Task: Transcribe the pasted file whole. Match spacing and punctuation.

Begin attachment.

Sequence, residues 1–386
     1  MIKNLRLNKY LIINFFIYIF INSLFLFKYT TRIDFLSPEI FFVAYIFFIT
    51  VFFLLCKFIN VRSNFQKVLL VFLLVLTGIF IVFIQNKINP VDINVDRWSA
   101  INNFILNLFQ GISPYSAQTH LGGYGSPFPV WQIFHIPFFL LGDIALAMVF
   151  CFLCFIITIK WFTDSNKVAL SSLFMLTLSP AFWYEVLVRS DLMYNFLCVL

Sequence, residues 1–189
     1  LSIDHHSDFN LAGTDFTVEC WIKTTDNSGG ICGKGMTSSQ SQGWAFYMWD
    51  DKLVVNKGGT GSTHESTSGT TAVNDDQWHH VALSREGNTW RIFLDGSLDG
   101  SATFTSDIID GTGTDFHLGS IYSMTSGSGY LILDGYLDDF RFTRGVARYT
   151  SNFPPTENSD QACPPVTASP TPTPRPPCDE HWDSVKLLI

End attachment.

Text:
Sequence, residues 1–386
     1  MIKNLRLNKY LIINFFIYIF INSLFLFKYT TRIDFLSPEI FFVAYIFFIT
    51  VFFLLCKFIN VRSNFQKVLL VFLLVLTGIF IVFIQNKINP VDINVDRWSA
   101  INNFILNLFQ GISPYSAQTH LGGYGSPFPV WQIFHIPFFL LGDIALAMVF
   151  CFLCFIITIK WFTDSNKVAL SSLFMLTLSP AFWYEVLVRS DLMYNFLCVL

Sequence, residues 1–189
     1  LSIDHHSDFN LAGTDFTVEC WIKTTDNSGG ICGKGMTSSQ SQGWAFYMWD
    51  DKLVVNKGGT GSTHESTSGT TAVNDDQWHH VALSREGNTW RIFLDGSLDG
   101  SATFTSDIID GTGTDFHLGS IYSMTSGSGY LILDGYLDDF RFTRGVARYT
   151  SNFPPTENSD QACPPVTASP TPTPRPPCDE HWDSVKLLI